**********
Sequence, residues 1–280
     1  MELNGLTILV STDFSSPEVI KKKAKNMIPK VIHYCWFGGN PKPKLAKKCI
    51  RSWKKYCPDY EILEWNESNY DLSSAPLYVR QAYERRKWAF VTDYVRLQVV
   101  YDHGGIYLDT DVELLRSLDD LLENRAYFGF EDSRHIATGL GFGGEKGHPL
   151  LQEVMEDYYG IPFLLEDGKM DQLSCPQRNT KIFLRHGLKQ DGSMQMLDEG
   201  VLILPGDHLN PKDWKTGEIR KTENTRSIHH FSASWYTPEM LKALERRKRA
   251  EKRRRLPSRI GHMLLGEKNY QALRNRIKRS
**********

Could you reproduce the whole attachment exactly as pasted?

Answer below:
Sequence, residues 1–280
     1  MELNGLTILV STDFSSPEVI KKKAKNMIPK VIHYCWFGGN PKPKLAKKCI
    51  RSWKKYCPDY EILEWNESNY DLSSAPLYVR QAYERRKWAF VTDYVRLQVV
   101  YDHGGIYLDT DVELLRSLDD LLENRAYFGF EDSRHIATGL GFGGEKGHPL
   151  LQEVMEDYYG IPFLLEDGKM DQLSCPQRNT KIFLRHGLKQ DGSMQMLDEG
   201  VLILPGDHLN PKDWKTGEIR KTENTRSIHH FSASWYTPEM LKALERRKRA
   251  EKRRRLPSRI GHMLLGEKNY QALRNRIKRS